Two types of LNO powders, differing in crystal size and morphology, were utilized to obtain textured ceramic membranes. Commercial fine-sized LNO powder served as MPs, while large plate-like LNO crystals from MFS were used as TPs. XRD, SEM, and EDXS were applied to analyze both starting materials. The XRD patterns in Fig. 1(a, b) display body-centered tetragonal LNO with a K2NiF4 structure in the I4/mmm space group as the main phase in both powders. The tetragonal phase was expected since the synthesis of both components took place in air and at high temperatures [20, 63, 64]. In the case of LNO TPs (Fig. 1(b)), cubic LaNiO3 was also registered as a minor impurity. Its formation is attributed to the chosen reaction parameters, as discussed in a previous work [54]. The matrix consists of nanometer-sized equiaxed particles (~ 90 nm) that form agglomerates (Fig. 1(c)). In contrast, the LNO TPs are characterized by a well-defined plate-like shape and a size in the low micrometer range (Fig. 1(d)). The average length and width of the crystals measure about 10 µm and 4 µm, respectively. In a prior study [65], selected-area electron diffraction patterns were utilized to prove that the (001) facets dominate compared to the (100) and (010) facets of a plate-like LNO crystal from MFS. A schematic view of an LNO plate with relevant crystallographic information is depicted in Fig. 1(e). Crystal growth along the crystallographic c-axis is strongly impaired by the high surface energy of the (001) facets and steric constraints [65]. Therefore, the plate-like particles preferentially grow along the a- and b-axes. The EDXS analysis of the LNO MPs (Fig. S1) shows a homogeneous distribution of La, Ni, and O in the powder. The La/Ni ratio here is almost 2:1. Furthermore, a small amount of Si was found (0.6 at.%), which was evenly dispersed across the entire sample area. This impurity was likely introduced during the manufacturing process. As demonstrated elsewhere [34], the Si contamination does not have a noticeable effect on the properties of the ceramic materials due to its minor amount. The EDXS elemental maps and spectrum in Fig. S2 affirm that the LNO TPs are homogeneously composed of the elements La, Ni, and O, with a La/Ni ratio of approximately 2:1. Some Na (3.07 at.%) was found as an impurity originating from the NaOH flux, which may occupy the La site in LNO because of its similar ionic radius to lanthanum [54, 65]. Partial doping of LNO with Na has been observed and described in other work [66]. Sodium is a chemical element that easily evaporates at elevated temperatures [67]. As will be indicated later, sodium is no longer present in the LNO membranes, likely due to the high sintering temperature of 1673 K employed. While the small particle size of commercial LNO makes it a suitable matrix powder for embedding the LNO TPs, the plate-like nature of the micrometer-sized TPs facilitates their preferential alignment during uniaxial pressing, resulting in the formation of textured ceramic membranes after the sintering step.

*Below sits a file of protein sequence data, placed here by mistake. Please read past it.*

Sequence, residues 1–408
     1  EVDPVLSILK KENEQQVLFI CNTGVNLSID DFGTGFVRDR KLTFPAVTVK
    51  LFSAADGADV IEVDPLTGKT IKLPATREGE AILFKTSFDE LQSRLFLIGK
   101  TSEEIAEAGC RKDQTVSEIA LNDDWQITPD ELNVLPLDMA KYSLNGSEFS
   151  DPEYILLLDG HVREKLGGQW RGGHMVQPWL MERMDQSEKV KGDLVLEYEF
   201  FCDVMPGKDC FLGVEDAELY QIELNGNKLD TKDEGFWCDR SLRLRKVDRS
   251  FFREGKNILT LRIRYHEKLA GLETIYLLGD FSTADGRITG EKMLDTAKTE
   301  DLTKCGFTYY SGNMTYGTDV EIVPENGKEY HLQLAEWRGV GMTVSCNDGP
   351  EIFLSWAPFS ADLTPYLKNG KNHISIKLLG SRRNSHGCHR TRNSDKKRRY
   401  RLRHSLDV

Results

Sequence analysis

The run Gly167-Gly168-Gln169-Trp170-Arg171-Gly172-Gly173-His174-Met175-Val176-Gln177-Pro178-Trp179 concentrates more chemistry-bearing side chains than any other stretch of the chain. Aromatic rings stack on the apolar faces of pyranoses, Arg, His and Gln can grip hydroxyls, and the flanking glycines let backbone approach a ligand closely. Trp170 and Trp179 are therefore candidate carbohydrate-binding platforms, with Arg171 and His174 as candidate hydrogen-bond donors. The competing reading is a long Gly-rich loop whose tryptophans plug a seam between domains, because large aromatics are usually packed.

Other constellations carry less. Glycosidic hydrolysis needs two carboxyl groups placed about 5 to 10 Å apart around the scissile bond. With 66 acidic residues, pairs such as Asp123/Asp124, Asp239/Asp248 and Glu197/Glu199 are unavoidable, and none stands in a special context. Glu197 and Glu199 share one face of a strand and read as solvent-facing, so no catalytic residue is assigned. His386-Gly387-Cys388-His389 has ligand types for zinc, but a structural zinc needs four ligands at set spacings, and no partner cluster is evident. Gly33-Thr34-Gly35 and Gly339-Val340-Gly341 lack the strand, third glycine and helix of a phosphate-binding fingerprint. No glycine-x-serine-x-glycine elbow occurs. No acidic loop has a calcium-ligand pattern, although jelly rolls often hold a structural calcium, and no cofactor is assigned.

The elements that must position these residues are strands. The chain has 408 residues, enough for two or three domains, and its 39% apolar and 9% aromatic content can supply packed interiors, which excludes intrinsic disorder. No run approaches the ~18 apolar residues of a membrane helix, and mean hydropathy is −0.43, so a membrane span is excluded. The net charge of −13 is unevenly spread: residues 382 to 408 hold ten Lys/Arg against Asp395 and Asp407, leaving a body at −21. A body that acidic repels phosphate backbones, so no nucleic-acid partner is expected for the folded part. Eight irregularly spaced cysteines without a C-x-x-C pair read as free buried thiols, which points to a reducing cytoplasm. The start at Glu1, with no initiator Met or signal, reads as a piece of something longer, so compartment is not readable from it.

Fig. 1
figure 1

a, b XRD patterns and c, d SEM micrographs of LNO MPs and LNO TPs, respectively; e schematic representation of a plate-like LNO TP with selected surfaces and coordinate system

Microstructural characterization of textured La2NiO4+δ ceramic membranes

The powder mixtures were subsequently subjected to uniaxial pressing and sintering to form ceramic disk membranes. XRD patterns were recorded from the reference samples composed of only pristine TPs or MPs, as well as from the membranes consisting of both particle types. The XRD patterns presented in Fig. 2(a) exhibit the body-centered tetragonal LNO structure (space group: I4/mmm) for all specimens. LaNiO3, the by-product of the MFS, was no longer observed (see Fig. 1(b)). This can be interpreted by the fact that the perovskite-type LaNiO3 was converted to LNO due to the high sintering temperature used [68, 69]. In the XRD patterns and the magnified cut-out of the 2θ interval from 42° to 44° in Fig. 2(b), it is particularly noticeable that the (00l) reflections become more intense with an increasing proportion of LNO TPs in the ceramic materials. For the samples with 40 wt.% TPs or 100 wt.% TPs, the intensities of the (004) reflections even exceed those of the (103) reflection, which is typically the main peak for a randomly oriented LNO specimen, such as the reference membrane formed from pure MPs. This implies that during pressing, the randomly oriented plate-shaped LNO crystals in the matrix were predominantly aligned perpendicular to the pressing direction due to their anisotropic morphology (Fig. 2(c)). As a result, all (00l) reflections in the XRD patterns gain more intensity with ascending TP content.